To quantify PCa burden in Africa, extensive research and effective cancer registration are crucial. Adeloye et al. (2016) provided, based on available data, a continent-wide incidence rate of PCa by reviewing the literature (9,766 records, with 40 studies) on PCa spreading across 16 African countries. The research was conducted from January 1980 to June 2015. The authors identified an incidence of 22.0 per 100,000 population and reported a median incidence rate of 19.5 per 100,000 population. The authors also observed an increase in PCa incidence with advancing age (Adeloye et al., 2016).
Likewise, Seraphin et al. (2021) analyzed registry data from 12 population-based cancer registries across 11 sub-Saharan African (SSA) countries. The data analyzed were approximately 13,170 incident PCa cases in men aged 40 years or above, with at least a 10-year time span of comparable data. The authors pointed out an increase in age-standardized incidence rates (ASR) and cumulative risks (CR) over time in all registries. A steady increase in incidence with age and during successive periods was observed. These findings underscored that in SSA populations, PCa incidence rates are rising, often very rapidly (Seraphin et al., 2021).
The best-known risk factors that have been characterized include age, diet (World Cancer Research Fund/American Institute for Cancer Research (WCRF/AICR), 2018), smoking (Plaskon et al., 2003), and genetic predispositions (Benafif and Eeles, 2016). Gene mutations are common in healthy cells but do not necessarily lead to malignant cells. However, sometimes, the reparation processes cannot correct the errors at the DNA level, and the defense system cannot eliminate the existing malignant cells. This can result in unregulated proliferation, leading to oncological disease status (Kral et al., 2011).
PCa can be segmented for practical purposes into three categories: 85% sporadic, 15% hereditary/familial (Kral et al., 2011). Some families’ high prevalence and early onset of this cancer led to extensive genome studies revealing PCa susceptibility genes or loci (Kral et al., 2011). The most common pathogenic germline variants involved in PCa include BReast CAncer gene 1 (BRCA1), BReast CAncer gene 2 (BRCA2), Homeobox Protein Hox-B13 (HoxB13), and Checkpoint Kinase 2 (CHEK2) (Wang et al., 2018). The risk of this disease increased in men of African Americans, regardless of their present environment, which further supports a robust ethnic association.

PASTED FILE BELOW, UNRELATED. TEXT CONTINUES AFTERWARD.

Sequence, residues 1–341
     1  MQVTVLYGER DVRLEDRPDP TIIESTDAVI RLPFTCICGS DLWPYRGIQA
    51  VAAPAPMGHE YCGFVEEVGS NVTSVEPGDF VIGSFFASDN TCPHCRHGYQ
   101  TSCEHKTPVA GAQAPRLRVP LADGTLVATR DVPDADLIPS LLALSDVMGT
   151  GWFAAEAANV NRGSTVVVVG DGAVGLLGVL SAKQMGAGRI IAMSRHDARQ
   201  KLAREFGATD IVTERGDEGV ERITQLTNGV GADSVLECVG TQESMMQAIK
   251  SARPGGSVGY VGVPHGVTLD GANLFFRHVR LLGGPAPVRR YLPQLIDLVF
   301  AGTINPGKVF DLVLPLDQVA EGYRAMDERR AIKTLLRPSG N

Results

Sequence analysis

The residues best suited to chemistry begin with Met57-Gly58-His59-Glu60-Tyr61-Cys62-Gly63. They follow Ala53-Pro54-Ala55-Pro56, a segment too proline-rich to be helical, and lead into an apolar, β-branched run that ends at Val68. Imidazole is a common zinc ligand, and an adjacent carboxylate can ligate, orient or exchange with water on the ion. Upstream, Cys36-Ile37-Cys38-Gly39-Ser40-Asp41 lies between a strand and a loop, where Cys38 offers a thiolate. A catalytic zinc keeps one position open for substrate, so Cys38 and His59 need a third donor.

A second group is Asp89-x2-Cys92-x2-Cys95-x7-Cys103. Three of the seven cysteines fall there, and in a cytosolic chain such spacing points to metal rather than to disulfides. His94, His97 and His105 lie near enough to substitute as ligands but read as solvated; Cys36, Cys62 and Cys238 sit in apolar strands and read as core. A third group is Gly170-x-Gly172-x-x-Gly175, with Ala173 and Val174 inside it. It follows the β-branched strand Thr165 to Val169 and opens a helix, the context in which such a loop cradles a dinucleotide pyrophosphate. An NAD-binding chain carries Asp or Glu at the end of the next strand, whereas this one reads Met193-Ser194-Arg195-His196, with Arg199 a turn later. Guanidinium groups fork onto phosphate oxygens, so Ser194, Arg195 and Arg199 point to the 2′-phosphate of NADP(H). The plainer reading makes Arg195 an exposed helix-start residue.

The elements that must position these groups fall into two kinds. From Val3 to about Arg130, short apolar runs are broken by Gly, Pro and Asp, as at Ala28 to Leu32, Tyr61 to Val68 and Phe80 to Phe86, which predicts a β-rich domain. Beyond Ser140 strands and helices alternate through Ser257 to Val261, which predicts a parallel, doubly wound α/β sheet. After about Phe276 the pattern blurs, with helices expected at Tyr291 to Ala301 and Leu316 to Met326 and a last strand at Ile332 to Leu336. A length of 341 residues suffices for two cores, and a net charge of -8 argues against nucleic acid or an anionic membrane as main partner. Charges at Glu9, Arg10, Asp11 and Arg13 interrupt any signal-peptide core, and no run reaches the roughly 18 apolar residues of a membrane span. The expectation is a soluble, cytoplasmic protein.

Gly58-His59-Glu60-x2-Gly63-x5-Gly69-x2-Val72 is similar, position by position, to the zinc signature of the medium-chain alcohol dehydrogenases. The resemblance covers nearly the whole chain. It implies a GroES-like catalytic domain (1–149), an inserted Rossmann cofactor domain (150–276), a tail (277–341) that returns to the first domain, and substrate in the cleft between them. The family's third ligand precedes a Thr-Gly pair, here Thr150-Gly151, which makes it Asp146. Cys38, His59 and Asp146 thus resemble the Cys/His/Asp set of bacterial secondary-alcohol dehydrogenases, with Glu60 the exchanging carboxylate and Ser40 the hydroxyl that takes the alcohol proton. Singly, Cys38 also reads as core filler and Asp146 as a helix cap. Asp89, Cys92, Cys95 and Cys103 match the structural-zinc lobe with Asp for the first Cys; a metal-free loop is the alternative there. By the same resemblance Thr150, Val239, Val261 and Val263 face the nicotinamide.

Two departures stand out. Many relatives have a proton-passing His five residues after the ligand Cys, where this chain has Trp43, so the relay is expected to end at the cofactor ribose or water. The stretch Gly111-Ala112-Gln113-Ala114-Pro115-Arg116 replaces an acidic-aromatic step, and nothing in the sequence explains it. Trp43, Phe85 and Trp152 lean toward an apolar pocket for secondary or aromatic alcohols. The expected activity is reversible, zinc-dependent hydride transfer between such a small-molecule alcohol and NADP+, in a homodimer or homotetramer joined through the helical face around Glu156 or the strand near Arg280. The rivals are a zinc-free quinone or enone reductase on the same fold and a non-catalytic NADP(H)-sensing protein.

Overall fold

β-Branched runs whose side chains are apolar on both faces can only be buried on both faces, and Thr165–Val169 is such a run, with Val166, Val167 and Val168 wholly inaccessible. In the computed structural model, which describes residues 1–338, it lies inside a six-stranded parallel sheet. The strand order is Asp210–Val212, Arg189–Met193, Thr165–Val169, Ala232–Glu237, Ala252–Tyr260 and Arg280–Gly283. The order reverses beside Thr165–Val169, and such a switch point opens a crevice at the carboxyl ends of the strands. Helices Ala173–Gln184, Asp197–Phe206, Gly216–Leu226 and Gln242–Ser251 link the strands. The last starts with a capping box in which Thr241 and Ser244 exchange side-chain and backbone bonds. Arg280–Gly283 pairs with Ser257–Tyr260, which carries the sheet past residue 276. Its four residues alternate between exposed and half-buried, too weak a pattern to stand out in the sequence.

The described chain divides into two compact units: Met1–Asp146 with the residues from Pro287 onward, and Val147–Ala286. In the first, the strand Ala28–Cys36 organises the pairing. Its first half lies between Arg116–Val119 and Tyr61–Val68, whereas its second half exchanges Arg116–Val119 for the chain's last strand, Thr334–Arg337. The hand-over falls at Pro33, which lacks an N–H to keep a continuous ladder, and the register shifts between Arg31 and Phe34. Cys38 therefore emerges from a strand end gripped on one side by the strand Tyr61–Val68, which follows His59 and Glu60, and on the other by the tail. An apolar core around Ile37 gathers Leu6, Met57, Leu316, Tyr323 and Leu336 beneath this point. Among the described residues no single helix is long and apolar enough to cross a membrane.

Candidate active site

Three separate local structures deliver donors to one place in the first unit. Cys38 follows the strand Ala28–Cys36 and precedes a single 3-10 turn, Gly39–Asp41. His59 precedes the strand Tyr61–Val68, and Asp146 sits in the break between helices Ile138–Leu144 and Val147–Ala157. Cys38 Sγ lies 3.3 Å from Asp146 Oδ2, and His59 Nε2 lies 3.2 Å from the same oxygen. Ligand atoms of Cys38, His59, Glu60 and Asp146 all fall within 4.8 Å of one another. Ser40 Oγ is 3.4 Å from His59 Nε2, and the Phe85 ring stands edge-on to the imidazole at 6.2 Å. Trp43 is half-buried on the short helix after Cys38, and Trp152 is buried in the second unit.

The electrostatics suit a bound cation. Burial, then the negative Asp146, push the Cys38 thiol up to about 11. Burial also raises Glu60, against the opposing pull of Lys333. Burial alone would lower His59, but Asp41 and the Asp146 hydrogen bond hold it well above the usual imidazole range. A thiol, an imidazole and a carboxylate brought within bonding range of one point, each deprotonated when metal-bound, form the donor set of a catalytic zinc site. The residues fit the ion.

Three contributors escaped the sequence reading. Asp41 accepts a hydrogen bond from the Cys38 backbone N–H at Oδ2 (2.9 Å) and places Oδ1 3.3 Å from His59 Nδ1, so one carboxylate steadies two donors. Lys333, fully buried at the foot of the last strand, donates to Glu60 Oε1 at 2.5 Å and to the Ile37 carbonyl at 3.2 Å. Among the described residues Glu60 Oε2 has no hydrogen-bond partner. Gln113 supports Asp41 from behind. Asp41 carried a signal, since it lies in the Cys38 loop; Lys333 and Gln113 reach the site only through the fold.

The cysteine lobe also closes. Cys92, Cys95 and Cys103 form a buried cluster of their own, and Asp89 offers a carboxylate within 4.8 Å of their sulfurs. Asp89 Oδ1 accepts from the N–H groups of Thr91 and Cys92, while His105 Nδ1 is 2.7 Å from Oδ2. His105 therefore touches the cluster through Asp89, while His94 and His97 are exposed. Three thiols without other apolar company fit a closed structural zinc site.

PCa often has a slow course that requires active monitoring and may not show any symptoms in the early stage (Rawla, 2019). PCa is becoming increasingly a problem of great concern to the public in Africa because most newly diagnosed cases are in the late stage, with poor prognosis (Giona et al., 2021). African Americans are nearly 2.5 times more likely to die from PCa than other populations and are more likely to be diagnosed with this disease in the United States (Rebbeck et al., 2013). This review raises the issue of the limited prostate cancer genomic and -omics studies conducted in Afro-native populations and highlights the challenges that the African people face, limiting them from conducting relevant studies. We also define the common variants associated with PCa in Afro-native populations and how they differ from European populations.
PCa omics studies in African descent
PCa has been the subject of a number of omics studies, including genomics, proteomics, transcriptomics, and epigenomics. Genomic studies have been the most applied compared to other omics strategies. We will first briefly describe these PCa-omics studies before devoting a full section to PCa genomics.
The recent development of systemic analytical-omics strategies, namely, genomics, transcriptomics, proteomics, metabolomics, epigenomics, and metagenomics, has contributed to early and accurate cancer detection and novel therapeutic strategies by revealing key mutations and molecular pathways of tumor growth and progression (Yoo et al., 2018). However, omics studies in Africa are limited. From the entire African continent, only a few PCa studies in genomics, metagenomics, and proteomics have been carried out in South Africa, Ghana, Tunisia, and Uganda (Table 1). When searching for research papers on omics in Africa, only those that included African populations or separate analyses on an African population were included in this review.
Extensive research is needed to understand the unknown contribution of omics variation to African PCa racial disparity, unlike non-African studies. Few African studies on PCa omics have been conducted, mainly on genomics, proteomics, and metagenomics (Adeola et al., 2015; McCrow et al., 2016; Jaratlerdsiri et al., 2018; Feng et al., 2019). Jaratlerdsiri et al. performed the first tumor-normal paired whole-genome sequencing for high-risk PCa in South African men, which revealed an elevated tumor mutational burden that can be used to improve patient outcomes in Africa (Jaratlerdsiri et al., 2018). Adeola et al. conducted a proteomic study on multiethnic cohorts of South African patients, revealing seventy-three new urinary protein biomarkers for PCa via label-free mass spectrometry. This study demonstrated that urinary proteomics, which is less complex to analyze than other proteomes derived from serum, tissue or cells, is a concrete track to discover new prostate cancer biomarkers (Adeola et al., 2015). In another study, Feng et al. performed a metagenomic analysis of prostate tumors from 22 men and showed their microbial content. Bacterial richness within the African vs. non‐African samples was observed throughout this study with an abundance of anaerobic bacteria. Additionally, pathogenic microbes may play a role in oncogenic transformation within the prostate microenvironment (Feng et al., 2019).